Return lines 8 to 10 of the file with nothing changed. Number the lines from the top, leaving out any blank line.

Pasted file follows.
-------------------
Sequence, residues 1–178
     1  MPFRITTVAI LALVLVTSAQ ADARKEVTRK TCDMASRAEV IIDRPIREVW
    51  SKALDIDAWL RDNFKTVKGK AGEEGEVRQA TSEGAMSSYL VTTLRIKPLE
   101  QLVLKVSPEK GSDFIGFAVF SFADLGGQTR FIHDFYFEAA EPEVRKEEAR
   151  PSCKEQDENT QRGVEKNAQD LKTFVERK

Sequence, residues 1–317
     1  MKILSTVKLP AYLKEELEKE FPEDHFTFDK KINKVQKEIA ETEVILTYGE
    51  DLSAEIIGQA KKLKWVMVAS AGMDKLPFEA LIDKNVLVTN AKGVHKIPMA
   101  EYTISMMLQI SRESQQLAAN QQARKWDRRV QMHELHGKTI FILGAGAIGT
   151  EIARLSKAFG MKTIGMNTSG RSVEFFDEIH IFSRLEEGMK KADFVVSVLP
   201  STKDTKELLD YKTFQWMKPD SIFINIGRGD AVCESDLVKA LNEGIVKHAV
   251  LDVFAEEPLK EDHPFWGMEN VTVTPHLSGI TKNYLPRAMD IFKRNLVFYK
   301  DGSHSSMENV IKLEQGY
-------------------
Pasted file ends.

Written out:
    51  DLSAEIIGQA KKLKWVMVAS AGMDKLPFEA LIDKNVLVTN AKGVHKIPMA
   101  EYTISMMLQI SRESQQLAAN QQARKWDRRV QMHELHGKTI FILGAGAIGT
   151  EIARLSKAFG MKTIGMNTSG RSVEFFDEIH IFSRLEEGMK KADFVVSVLP